ALLENTOWN, Pa. -

An apparent bullying situation at an Allentown high school that was caught on camera and posted online is a very public reminder of what students can encounter.

Three teenagers are now facing charges in connection with the incident.

"It's difficult to watch, it's sad," said Nicole Seng, an outreach educator with the Crime Victims Council of the Lehigh Valley.

Bullying is one of several issues she addresses with students of all ages.

"A lot of what we talk about to victims of all of the crimes is empowerment and advocacy for themselves," she said.

Seng encourages students to be aware of the resources available to them, such as a trusted adult.

If they fear they may become a bully's target, she said, "Seek support from other friends, power in numbers."

If someone is getting physically bullied, Seng says safety first and to try to get out of the situation.

If it's cyber or verbal bullying, she says to not respond.

"It's hard because the kids, they want to fight back, they want to say something back, but many times that escalates the situation," she said, noting that responding gives bullies the power they are seeking.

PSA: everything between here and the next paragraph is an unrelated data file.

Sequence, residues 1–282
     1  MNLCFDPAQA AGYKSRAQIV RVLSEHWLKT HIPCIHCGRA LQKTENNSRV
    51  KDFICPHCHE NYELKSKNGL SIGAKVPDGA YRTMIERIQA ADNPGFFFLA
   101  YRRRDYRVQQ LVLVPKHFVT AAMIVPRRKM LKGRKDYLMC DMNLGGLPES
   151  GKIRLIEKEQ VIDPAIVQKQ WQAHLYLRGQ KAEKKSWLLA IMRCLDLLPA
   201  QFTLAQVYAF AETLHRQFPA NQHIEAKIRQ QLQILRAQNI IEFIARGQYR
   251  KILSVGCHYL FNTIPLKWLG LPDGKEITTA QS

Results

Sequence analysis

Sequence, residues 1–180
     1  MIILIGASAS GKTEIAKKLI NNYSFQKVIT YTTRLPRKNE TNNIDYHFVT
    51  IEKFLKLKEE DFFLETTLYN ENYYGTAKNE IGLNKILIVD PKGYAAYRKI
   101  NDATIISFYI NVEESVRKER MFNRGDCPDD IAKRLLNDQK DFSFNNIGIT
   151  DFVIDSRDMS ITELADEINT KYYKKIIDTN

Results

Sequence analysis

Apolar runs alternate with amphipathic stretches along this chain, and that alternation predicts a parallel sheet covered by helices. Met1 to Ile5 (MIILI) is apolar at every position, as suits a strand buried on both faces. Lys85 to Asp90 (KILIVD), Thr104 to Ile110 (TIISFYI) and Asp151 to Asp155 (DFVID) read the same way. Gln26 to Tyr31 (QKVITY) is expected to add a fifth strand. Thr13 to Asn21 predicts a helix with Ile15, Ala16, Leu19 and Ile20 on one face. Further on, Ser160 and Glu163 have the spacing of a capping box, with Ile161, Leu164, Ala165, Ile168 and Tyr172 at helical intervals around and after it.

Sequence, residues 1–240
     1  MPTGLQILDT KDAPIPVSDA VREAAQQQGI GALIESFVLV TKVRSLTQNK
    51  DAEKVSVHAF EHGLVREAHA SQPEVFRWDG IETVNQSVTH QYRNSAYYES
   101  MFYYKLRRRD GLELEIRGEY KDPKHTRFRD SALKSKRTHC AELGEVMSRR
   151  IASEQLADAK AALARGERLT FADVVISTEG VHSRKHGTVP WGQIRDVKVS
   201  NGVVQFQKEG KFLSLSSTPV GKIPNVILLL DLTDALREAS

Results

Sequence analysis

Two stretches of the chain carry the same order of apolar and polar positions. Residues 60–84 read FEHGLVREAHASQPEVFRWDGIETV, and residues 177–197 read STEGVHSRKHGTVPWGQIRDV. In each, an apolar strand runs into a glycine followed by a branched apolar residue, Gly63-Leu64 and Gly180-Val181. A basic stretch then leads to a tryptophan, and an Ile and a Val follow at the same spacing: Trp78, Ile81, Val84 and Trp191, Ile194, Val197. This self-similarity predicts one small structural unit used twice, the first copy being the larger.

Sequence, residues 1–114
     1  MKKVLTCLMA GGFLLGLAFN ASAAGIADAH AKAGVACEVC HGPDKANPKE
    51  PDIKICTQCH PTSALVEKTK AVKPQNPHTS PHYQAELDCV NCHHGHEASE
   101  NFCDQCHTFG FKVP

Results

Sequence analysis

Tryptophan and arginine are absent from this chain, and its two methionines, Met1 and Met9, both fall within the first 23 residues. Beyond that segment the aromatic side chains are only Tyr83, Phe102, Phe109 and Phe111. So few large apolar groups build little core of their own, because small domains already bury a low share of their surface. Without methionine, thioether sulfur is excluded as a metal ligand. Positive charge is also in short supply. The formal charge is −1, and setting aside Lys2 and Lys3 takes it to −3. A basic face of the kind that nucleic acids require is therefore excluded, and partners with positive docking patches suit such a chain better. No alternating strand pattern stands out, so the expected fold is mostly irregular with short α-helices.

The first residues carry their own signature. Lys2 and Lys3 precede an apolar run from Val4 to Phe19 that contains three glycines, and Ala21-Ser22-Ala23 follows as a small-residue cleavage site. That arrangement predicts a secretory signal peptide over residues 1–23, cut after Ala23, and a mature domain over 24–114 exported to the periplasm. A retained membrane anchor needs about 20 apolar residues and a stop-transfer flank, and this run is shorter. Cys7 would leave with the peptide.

Seng explained bystanders actually have the most power of all.

"That's really what we're trying to focus on is that bystander intervention. About 80 percent of students are bystanders," she said. "They have the power to step in, to intervene, to help report, to support the victim or to try to deescalate the bully if it's a safe situation to do so."

She added, "The impact of bullying is just so severe on these children that they're really potentially saving someone's life."

Seng also encourages victims to document bullying situations, which can be easier with cyber bullying because they can simply print out a page. For situations in person, she recommends writing down notes to help when reporting it.